Diego Parrilla, a precious metals specialist, writes in the Financial Times about the possibility of "a perfect storm for gold."
Bill Gross of Janus Global writes in Bloomberg about the global economy that "devolves into Ponzi finance…."
Both claim that these possibilities are the potential consequences of several years of excessively loose monetary policy on the part of central banks around the world. The monetary policies that were followed have resulted in dislocations and dysfunctions within financial markets that will eventually undo the current structure of these financial markets.
As Mr. Parrilla describes it, I have been a member of the group that "tends to have a constructive view of the US dollar and the ability to raise interest rates and normalize global monetary policy…."
Up until the present time, I have been in the group of analysts that have believed that the Federal Reserve would raise its policy rate of interest, support a stronger dollar, and work to settle international financial markets.
Now, however, I think that this scenario is less likely to happen.
So, what is the alternative?
Mr. Parrilla describes a second group, one he contends "tends to be more pessimistic on the global economy and the unintended consequences of monetary policy without limits."
Basically, this second view is a picture of asset bubbles, and does not seem to me to be terribly different from the picture that Mr. Gross presents, although the details might be a little different.
Mr. Parrilla bases his view on three things: first, on the limits of monetary policy; second, on the evolution of risk-taking; and three, on the limits of fiat currencies.
Mr. Gross doesn't seem to subscribe to this third point.
In terms of the limits of monetary policy, Mr. Parrilla writes "Quantitative easing and negative interest rates have been game changers-distorting the valuation of government bonds, breaking the theoretical ceilings in prices, squeezing shorts and underweight positions and feeding what, in my view, is one of the largest financial bubbles in history."
Second, on the "edges of credit markets" there is a bull market "that feeds on itself and benefits the weakest players most…."
Third, "competitive currency devaluations only increase underlying problems and global imbalances."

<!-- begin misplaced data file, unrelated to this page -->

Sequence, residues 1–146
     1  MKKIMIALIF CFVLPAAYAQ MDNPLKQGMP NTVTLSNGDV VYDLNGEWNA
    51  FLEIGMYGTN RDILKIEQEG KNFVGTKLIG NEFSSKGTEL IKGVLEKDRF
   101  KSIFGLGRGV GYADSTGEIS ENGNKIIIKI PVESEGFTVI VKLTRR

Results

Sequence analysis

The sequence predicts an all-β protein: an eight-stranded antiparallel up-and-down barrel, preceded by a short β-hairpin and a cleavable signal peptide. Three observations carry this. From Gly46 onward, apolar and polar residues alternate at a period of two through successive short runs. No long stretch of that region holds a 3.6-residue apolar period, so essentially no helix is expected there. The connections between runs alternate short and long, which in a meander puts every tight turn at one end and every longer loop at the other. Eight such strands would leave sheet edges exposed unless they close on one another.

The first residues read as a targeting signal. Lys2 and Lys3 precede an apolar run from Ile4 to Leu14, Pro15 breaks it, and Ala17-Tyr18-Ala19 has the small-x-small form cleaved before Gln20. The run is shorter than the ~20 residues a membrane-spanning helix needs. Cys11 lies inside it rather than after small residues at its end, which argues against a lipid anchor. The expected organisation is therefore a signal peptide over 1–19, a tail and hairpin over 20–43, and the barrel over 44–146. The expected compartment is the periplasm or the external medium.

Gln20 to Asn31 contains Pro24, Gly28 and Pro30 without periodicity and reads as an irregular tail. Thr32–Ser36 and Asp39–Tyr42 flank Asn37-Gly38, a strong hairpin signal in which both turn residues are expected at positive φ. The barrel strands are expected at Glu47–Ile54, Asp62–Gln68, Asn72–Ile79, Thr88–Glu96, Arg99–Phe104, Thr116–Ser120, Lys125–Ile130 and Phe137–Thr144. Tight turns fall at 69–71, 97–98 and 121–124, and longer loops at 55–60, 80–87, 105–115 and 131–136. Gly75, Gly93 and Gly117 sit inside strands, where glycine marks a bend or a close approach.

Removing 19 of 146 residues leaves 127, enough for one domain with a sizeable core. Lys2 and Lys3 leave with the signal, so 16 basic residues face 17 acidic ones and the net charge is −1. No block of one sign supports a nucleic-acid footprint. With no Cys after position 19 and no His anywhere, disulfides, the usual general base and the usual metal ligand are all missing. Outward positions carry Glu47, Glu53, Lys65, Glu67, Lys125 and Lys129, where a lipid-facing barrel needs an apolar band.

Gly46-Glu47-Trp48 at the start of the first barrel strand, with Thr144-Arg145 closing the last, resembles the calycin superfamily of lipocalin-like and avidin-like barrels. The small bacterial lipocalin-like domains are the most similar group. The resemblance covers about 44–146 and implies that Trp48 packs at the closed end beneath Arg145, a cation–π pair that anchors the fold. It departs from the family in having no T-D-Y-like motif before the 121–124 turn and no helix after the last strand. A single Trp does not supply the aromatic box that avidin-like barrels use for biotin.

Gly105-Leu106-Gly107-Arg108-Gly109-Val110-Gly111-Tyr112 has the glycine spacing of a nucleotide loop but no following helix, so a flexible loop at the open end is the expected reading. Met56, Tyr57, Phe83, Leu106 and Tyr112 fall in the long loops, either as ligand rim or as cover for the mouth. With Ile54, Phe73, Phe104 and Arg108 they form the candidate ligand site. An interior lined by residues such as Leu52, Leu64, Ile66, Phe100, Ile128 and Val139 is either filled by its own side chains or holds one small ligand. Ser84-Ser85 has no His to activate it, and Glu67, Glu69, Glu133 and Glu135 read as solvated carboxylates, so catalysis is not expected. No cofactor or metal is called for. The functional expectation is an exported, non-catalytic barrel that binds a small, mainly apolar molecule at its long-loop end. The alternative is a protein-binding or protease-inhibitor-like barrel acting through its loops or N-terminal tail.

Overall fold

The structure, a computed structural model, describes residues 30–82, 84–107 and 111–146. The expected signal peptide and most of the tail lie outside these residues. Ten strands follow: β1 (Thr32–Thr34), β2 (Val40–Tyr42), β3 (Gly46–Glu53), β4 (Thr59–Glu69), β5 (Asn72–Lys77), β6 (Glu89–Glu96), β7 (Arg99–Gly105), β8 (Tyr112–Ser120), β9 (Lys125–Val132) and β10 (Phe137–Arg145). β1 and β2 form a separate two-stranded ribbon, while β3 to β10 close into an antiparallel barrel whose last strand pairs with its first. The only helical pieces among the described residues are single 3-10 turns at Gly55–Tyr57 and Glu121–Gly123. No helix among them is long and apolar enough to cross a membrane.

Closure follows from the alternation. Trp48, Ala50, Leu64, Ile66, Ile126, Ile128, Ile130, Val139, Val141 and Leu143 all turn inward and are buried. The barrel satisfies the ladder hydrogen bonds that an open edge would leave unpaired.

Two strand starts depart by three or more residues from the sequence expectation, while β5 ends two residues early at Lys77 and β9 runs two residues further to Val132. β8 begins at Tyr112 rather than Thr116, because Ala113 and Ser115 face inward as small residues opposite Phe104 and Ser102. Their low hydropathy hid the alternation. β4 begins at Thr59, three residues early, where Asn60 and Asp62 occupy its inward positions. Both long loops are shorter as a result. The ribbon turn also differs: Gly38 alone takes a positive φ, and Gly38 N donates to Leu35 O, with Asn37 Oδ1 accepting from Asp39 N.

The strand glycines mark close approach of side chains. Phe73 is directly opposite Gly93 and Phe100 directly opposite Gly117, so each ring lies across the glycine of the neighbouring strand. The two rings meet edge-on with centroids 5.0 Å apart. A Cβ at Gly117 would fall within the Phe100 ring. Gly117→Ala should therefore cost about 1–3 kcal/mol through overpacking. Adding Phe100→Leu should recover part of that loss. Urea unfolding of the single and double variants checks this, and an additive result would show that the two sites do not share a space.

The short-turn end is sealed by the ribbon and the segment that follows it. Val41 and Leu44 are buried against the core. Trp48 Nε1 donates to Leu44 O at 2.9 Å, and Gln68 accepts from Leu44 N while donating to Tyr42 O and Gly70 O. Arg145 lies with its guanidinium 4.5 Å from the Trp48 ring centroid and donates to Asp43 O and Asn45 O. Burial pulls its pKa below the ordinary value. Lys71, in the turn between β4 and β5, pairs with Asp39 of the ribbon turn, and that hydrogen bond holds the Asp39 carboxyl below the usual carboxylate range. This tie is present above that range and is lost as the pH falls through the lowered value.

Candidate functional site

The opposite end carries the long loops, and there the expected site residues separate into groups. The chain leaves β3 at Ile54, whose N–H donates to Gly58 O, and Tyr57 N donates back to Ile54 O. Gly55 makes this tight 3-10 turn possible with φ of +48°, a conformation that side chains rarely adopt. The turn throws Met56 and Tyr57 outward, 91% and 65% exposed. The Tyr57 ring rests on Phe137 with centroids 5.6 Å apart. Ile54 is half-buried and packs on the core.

"Gold and the dollar are best placed to play the role of good money" which is important if your believe Gresham's law. The first stage of Gresham's law, Mr. Parrilla writes, is that bad money displaces good money, but we are starting to enter into the second stage where "good money displaces bad money."
Mr. Gross does not talk about returning to a gold standard although he does write in his latest monthly letter, mentioned in the Bloomberg reference above, "Real assets such as land, gold and tangible plant and equipment at a discount are favored asset categories." Buying gold, therefore, is not off his list of good assets to buy.
The one problem Mr. Parrilla sees in this scheme is "the inability or unwillingness of the US to normalize its monetary policy."
This leaves the door open for a "multiyear bull run in gold."
And, what does the market seem to add to this picture?
Well, the price of gold was at $1,054 on December 17, 2015, the day after the Federal Open Market Committee last raised its discount rate.
Although Fed officials began to provide "forward guidance" for possible interest rate increases in 2016, the market took the price of gold upwards. Its 2016 high came on July 6 when the price closed at $1,374. Currently, the price has dropped off a bit, closing at $1,338 on Monday, but this still represents a 27 percent increase from the date after the December FOMC meeting.
Note that this move seems to have been broad enough to spread into other commodities. The Thomson Reuters/Core Commodity CRB Index, hit a near-term low on February 11, 2016 and has risen 18 percent since that date. Another commodities index, the S&P GSCI GFI Futures Index has risen by 27 percent since the February 11 date.
In another area, the yield on the 10-year Treasury note was 2.29 percent at the close of business on December 16, 2015. On July 8, 2016 this yield was 1.36 percent, and now is at 1.59 percent allowing analysts to talk about the asset bubble in bond prices.
And, then there is the stock market. Although the S&P 500 stock index closed at 2,073 on December 16, 2015, it closed at a near-term low on February 11, 2016 of 1,829. Note that this was the date of the near-term low for the commodity market indexes.
On Friday, the S&P 500 closed at a new historical high of 2,183, a level that is more than 19 percent above the February 11 level.
Mr. Parrilla seems to have some market support behind him with respect to asset bubbles. And, it seems very unlikely that the Federal Reserve will raise its policy rate again this year…or even next years…given the state of both the US economy and the global economy.
Furthermore, as Mr. Gross agrees with this as cited in the Bloomberg reference, the Federal Reserve will do little or nothing to reduce the size of its balance sheet.
This would mean that the value of the dollar will not get stronger and this will end up with the possibility of more "competitive currency devaluations" and more efforts to use different forms of financial engineering to achieve higher yields.
Seems like this would be all be consistent with Mr. Parrilla's picture of "a perfect storm for gold" and Mr. Gross's view of the global economy devolving "into Ponzi finance."
Disclosure: I/we have no positions in any stocks mentioned, and no plans to initiate any positions within the next 72 hours.
I wrote this article myself, and it expresses my own opinions. I am not receiving compensation for it (other than from Seeking Alpha). I have no business relationship with any company whose stock is mentioned in this article.